when his heart forbade the thirst and he was re
formed to the great gratification of his family and
friends. During his ilitIess he said " my dear wife,
you are aware that I cannot get well, but I feel that
I shall die happy in the Lord," and but a few hours
before the final dissolution, he bade his daughter
farewell and encouraged her to meet him hereafter.
Ile leaves an affectionate wife and fond daughter
with many friends to mourn their irreparable loss.
DiED, on the I1th December last, in the 76th
year of his age, Mr. ISAAc BELL.
This short notice is not intended to de'ineate the
charneter of the deceasedi, but to speak of sonic or
his Christian virtues which was made so lright by
the many vicissitudes through which, in the provi.
dence of God, he had to go. And to use his own
language, " was blessed in them all." He lived to
bury iine of his children, and his beloved wife who
was confined to her bead for nearly ten years previ
ous to her death. These afilietions necessarily pre
vented him from assembling with the Church, which
lie loved, and was a beloved member thirty years,
having first attached himself to the Baptist Church
of Christ at Callaham's, then by letter to the Gilgal
Church in which he died. Ilis house may be truly
called the house of a Lazerus. It was there the
minister of the gospel always found a welcome and
acceptable home, and where many had the gospel
preached unto them. Though lie was by affliction
deprived of assembling with the Church, yet he .ad
much consolation in reading, until it pleased God to
deprive him of his sightthree years before his death:
yet he never murmured or complained, but frequent
ly had the Scriptures read to him, while under this,
to hin the greatest afflietion. le had suggested to his
mind the 3d chapter of Proverbs, which he had;(
frequently read to him, and whieh he reconnnended
to others. 1le has left four children andi many
friends to momrn their loss wreconfidt
is his gain. aete hiate rcoidn
"Write blessed aetedead that die in tihe Lord :
yeca, saithm the spirit they rest front their labors, and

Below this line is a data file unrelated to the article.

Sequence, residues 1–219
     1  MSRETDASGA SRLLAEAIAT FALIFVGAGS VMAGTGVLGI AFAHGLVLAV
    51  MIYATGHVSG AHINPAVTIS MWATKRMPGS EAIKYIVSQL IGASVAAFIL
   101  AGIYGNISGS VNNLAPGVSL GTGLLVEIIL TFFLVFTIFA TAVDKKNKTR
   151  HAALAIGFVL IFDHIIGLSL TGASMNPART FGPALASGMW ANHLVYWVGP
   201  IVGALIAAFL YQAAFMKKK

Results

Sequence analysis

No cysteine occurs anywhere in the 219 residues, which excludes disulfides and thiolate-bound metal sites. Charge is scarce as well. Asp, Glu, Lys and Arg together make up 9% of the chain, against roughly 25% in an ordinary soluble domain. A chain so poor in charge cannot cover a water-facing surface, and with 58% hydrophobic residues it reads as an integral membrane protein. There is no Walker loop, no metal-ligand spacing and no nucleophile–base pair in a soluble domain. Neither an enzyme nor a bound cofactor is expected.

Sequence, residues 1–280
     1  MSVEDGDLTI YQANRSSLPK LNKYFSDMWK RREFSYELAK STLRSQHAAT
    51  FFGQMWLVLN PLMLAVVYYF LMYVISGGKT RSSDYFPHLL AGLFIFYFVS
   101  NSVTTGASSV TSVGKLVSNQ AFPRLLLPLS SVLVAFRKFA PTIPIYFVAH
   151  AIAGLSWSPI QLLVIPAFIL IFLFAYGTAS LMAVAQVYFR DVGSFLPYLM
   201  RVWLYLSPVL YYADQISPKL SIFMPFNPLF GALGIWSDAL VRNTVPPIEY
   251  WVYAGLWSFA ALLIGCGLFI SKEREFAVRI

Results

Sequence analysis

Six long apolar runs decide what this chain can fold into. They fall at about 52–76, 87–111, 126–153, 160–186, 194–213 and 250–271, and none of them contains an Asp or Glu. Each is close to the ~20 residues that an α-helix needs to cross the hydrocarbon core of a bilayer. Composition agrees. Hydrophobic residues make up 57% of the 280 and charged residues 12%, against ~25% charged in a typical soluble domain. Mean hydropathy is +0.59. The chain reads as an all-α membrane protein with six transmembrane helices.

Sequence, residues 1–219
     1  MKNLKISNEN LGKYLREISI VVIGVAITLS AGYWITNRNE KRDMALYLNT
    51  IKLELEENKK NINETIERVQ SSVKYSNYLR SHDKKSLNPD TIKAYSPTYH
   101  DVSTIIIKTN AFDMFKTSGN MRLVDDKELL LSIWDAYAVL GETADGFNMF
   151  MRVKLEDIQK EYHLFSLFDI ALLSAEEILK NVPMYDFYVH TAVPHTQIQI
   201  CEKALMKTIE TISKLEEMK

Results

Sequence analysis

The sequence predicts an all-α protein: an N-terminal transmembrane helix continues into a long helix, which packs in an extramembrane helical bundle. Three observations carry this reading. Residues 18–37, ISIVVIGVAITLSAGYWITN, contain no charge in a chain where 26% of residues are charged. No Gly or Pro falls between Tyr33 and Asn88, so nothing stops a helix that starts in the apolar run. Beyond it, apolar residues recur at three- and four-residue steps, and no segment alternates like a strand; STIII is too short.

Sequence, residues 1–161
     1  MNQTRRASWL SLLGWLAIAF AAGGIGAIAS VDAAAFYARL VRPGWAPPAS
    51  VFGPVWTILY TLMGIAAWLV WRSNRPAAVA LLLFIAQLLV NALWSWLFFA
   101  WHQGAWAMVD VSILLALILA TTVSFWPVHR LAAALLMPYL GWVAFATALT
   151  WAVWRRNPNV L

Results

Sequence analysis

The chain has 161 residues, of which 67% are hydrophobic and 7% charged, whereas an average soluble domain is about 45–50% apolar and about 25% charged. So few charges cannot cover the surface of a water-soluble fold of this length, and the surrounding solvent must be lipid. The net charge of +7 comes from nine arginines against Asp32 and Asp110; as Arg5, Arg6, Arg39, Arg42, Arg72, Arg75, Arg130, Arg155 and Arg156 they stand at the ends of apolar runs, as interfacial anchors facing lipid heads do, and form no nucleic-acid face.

their works do fol!ow then."
Correspondence of the Advertiser.
11AM BURG, Dec. 30.
Corro.--The transacetionls for the past week have
been light, owing to the honilidays, and the low pri
ces. There is however a decidedly better feeling
to day with an ilmrovemnent inl prices o~f -. to j of a
cn, from thte lowest point of the we.-k preceding
We sijote 54 to 76 eenits as the extremes of sales
The folmlowinig persons have paid up to the ltie
affixed to their namles:
A. J. A vory, to 11th May '55.
D~r. James Rutherford. to 11Ith May '55.
L. R. Wilson, to 6th -Jute '54.
Johnl W. Mathus, 1ith September '54.
E. WV. Thornton, te,2lst .January '55.
1B. Cottolly, to 4th Octobecr '54.
J. J. Blackwood, to 4th March '55.
E. Lagroon, to 9th Januray '55.
John Rhinehart, to 8th March '95.
Samuel Edhison, to 6th March ,55.
P'. P. Doolittle, to 18th May '55.
John G. Dagnell, Esq., to 6tht February '65.
Capt. B. T. Minms, to 1st January '55.
Mathew McGraw, to 18th Novemb~er '54.
A. P. King, to lith June '54.
George W. Mliller, to 30tht March '55.
William Williams, to I8th May '55.
J. B. Fowler, to 18th May '55.
George McWho.rter, to 27th April '55.
B. Thomas, to 1st Alpril '55.
Col. A. C. Garlitngto , to 10th May '55.
Jlohn Garner, to 2d Febrtuary '55-.
D)r. WV. Andrew., to lth March '55.
M. A. DeLoach, to 23d March '55.
Maj. A . G. Nagle, t o 27'h November '54.
John 11. Cesby, to 1st .January '55.
A. 0. flountree, to 1st March '55.
James Pattersotn, to 1st .January '55.
James T. Martin, to 20th October '54.
P. D. Thurinond, to 4th December '54.
Milton Deal, to 12th February '55.
John M. Hlarlinig, to 11th May '55.
B. B. Hlarvley, to 23d March '55.
Martin McCartey, to 1st June '55.
John Crouch, to 1st June '55.
Levi Haltawanger, to 4th May '55.
Jesnse Culbreath, to 2d February '55.
T. D. Padge~tt, to 1st June '55.
Mrs. E. Chiles, to 1st June '55.
A. G. Turner, to 9th January '55.
Mark Black, to Otht A pril '55'
P. J. Coleman, to 1st June '55.
James D. Creswell, to 7th March '55.
J. W, McCullough, to 1st June '55.
J. C. Louis, " "
A. R. Park, " "t "
George Rounds, " " "
B. F. Atkins, " "I "
D. W~alet, " " "
L, T. Carter, " " "
Col. H. W. Garlington, to 11th May '55.
Col. A. C. Garlingtoni, to 26 May '55.
C. B. Cross, to 29th A pril '54.
J. W. Timmerman, to 5th May ?55.
W. N. Moore, to 1st May '55.
A. A. Blythe, to 6th May '55.
Dr. S. G. Merriwethter, to 5th June '55.
Rev. HI. T. Bartley, to 5th March '55.
Capt. E. B. Bielcher, to 8th Februar-y '55.
D. Jones, to 4th January '55.
Charles Jones, to 29th June '55.
Samuel Jones, to 8th July '55.
John Griffiths, to 8th A pril '55.
Richard Hardy, to 13th March '55.
James L. Tompkins, to 27th February '55.
J. J. Cartlidge, to 8th Jutto '55.
To bn cnntined.1
M ESSRS. SPANN & MAGRATH,
in partnership, will practice in LAW AND
EQUITY. Office opposite the residence of Mr. G.
Addison. One or the other will always be in office.
,Ian 3 3m 51
A TEACHER is wanted to take charge of the
School as Horn's Creek Church. No one need
apply unless he can come well recommended.
WASH. WISE, Trustee.
JOHN FAIR. T
Jan 3 3t 5t
r 10 take charge of a School at Stevens' Creek
I Church. One that can come well recommend
ed will receive a liberal salary.
D. C. TOMPKINS,
J. S. SMYLY,
J. S. BUZZARD,
W. N. STEVENS, I
Jan 3 351
L OST on S:.turday the 23d ult., my POCKET
L BOOK, containing three One Hundred Dol
Istr Bills, and four Fifty Dollar Bills, with my name
written on the back of one of the One Hundred
Dollar Bills. A reward of $25 will be given upon